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The Program (2015)

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An Irish sports journalist becomes convinced that Lance Armstrong's performances during the Tour de France victories are fueled by banned substances. With this conviction, he starts hunting for evidence that will expose Armstrong.


Stephen Frears


John Hodge (screenplay), David Walsh (book)





Cast overview, first billed only:
Ben Foster ... Lance Armstrong
Chris O'Dowd ... David Walsh
Guillaume Canet ... Dr. Ferrari
Jesse Plemons ... Floyd Landis
Lee Pace ... Bill Stapleton
Denis Ménochet ... Johan Bruyneel
Edward Hogg ... Frankie Andreu
Dustin Hoffman ... Bob Hamman
Elaine Cassidy ... Betsy Andreu
Laura Donnelly ... Emma O'Reilly
Peter Wight ... Sunday Times Editor
Nathan Wiley ... Charles Pelkey
Chris Larkin ... John Wilcockson
Mark Little ... Rupert Guinness
Michael G. Wilson ... Lance's Doctor


An Irish sports journalist becomes convinced that Lance Armstrong's performances during the Tour de France victories are fueled by banned substances. With this conviction, he starts hunting for evidence that will expose Armstrong.

Plot Summary | Add Synopsis


The legend. The truth. The source. The science. See more »


Biography | Drama | Sport

Motion Picture Rating (MPAA)

Rated R for language | See all certifications »

Parents Guide:

View content advisory »



UK | France



Release Date:

18 March 2016 (USA) See more »

Also Known As:

Untitled Lance Armstrong Biopic See more »

Filming Locations:

Austin, Texas, USA See more »

Company Credits

Show more on IMDbPro »

Technical Specs


Aspect Ratio:

2.35 : 1
See full technical specs »

Did You Know?


The film is based on Walsh's book "Seven Deadly Sins: My Pursuit of Lance Armstrong". See more »


A number of The Sunday Times newspaper front pages on display around the office were published after the time the scenes are set. Most notably, the front cover depicting English Rugby player Johnny Wilkinson winning the 2003 World cup in a scene set in 2001. See more »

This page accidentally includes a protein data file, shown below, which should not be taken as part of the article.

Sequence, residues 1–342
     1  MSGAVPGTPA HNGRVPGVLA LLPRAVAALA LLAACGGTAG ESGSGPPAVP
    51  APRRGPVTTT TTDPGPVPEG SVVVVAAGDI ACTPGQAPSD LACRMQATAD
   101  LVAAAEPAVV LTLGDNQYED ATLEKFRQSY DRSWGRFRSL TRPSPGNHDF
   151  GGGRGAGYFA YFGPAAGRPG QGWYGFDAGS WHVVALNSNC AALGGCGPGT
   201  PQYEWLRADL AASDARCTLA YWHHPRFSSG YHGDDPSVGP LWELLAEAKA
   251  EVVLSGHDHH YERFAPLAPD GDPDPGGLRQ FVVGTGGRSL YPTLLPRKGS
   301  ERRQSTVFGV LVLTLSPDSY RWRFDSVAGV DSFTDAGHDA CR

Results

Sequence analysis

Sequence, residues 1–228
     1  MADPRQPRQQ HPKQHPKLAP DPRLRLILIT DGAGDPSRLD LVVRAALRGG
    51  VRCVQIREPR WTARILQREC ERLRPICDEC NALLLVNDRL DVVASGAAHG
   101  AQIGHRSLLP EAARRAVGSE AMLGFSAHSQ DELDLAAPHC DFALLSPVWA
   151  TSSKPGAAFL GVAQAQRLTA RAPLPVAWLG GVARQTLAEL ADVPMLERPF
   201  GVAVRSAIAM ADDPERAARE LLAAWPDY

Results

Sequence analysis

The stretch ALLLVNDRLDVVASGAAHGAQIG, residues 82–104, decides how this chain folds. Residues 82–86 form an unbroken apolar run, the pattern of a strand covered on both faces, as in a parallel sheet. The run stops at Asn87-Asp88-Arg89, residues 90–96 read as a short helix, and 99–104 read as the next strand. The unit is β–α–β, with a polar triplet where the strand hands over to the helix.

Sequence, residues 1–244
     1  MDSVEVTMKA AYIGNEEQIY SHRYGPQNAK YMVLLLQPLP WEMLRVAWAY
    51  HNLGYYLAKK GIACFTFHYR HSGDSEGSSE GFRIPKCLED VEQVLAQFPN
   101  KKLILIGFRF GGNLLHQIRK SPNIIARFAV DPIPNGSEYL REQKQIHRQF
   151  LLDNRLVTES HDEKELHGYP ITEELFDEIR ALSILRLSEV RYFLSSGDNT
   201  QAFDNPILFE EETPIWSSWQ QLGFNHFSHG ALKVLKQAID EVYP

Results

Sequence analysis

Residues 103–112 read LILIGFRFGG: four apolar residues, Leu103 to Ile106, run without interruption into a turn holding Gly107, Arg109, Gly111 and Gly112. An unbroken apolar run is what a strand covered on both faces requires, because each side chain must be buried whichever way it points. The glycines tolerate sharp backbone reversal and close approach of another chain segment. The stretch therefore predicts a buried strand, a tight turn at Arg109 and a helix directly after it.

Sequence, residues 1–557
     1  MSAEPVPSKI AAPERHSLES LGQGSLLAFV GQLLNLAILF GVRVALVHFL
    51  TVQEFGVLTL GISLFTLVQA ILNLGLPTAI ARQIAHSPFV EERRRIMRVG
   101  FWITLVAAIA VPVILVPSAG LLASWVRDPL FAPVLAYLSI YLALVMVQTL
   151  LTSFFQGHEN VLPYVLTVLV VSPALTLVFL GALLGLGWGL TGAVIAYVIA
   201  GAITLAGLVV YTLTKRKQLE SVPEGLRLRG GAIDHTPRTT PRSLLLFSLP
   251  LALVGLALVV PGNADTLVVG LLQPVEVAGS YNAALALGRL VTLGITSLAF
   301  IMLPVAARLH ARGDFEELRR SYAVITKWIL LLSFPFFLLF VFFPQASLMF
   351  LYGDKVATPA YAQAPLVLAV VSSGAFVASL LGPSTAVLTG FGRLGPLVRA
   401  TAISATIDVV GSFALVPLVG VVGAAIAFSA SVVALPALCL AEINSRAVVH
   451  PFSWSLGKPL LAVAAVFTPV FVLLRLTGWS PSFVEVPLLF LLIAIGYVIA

Floyd Landis: I want to be in your team! I want to be in your team... again.
See more »


Featured in The Program: Behind the Scenes (2016) See more »


Spread Your Love
Written by Robert Turner (as Robert L Been), Peter Hayes (as Peter B Hayes), Nick Jago (as Nicholas Jago)
Performed by Black Rebel Motorcycle Club
Courtesy of Capitol Records Inc.
Under licence from Universal Music Operations Ltd
See more »

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User Reviews

An interesting, if not plain, biopic
19 October 2015 | by themadmoviemanSee all my reviews

This is a pretty interesting biopic, with strong performances across the board and a pretty engaging story. However, it's nothing particularly outstanding, due to its evident holding back against really going after Armstrong. Yes, this is still a pretty scathing story, but it still all feels far too plain and simple, and there's never any real gusto in the writing to make you passionately dislike Armstrong, which the movie is trying to do.

But before we get into that, let's look at the most impressive part of this film, which are the performances. Ben Foster, as Lance Armstrong, is brilliant, and often terrifying and hateful to the extent that you really want the movie to show you, and without him doing such a good job in the role, this film would have been at a loss, given his incredible acting.

In the side role as the journalist determined to take Armstrong down, Chris O'Dowd is also pretty good. It's not a world-beating performance that makes you want to whole-heartedly will the man onto revealing Armstrong's lies, but he is a likable character, and one of the only ones that can firmly support in the whole film.

The way that this film tells the history of Armstrong's deception is also very interesting. Although it's all in recent memory for most of us, there's still a lot of information here that you didn't know about, particularly revolving around the inner workings of Armstrong's United States Postal Service team and how he was the ring leader in the world of doping in cycling.

However, that's about it. This film is definitely interesting and well-acted, but it's not an outstanding, memorable biopic. It feels more like reading a very interesting textbook cover-to-cover, full of fascinating information, but with no real high drama or emotion to fully show the significance of what's going on, and to really pull you into the story rather than just observing it.

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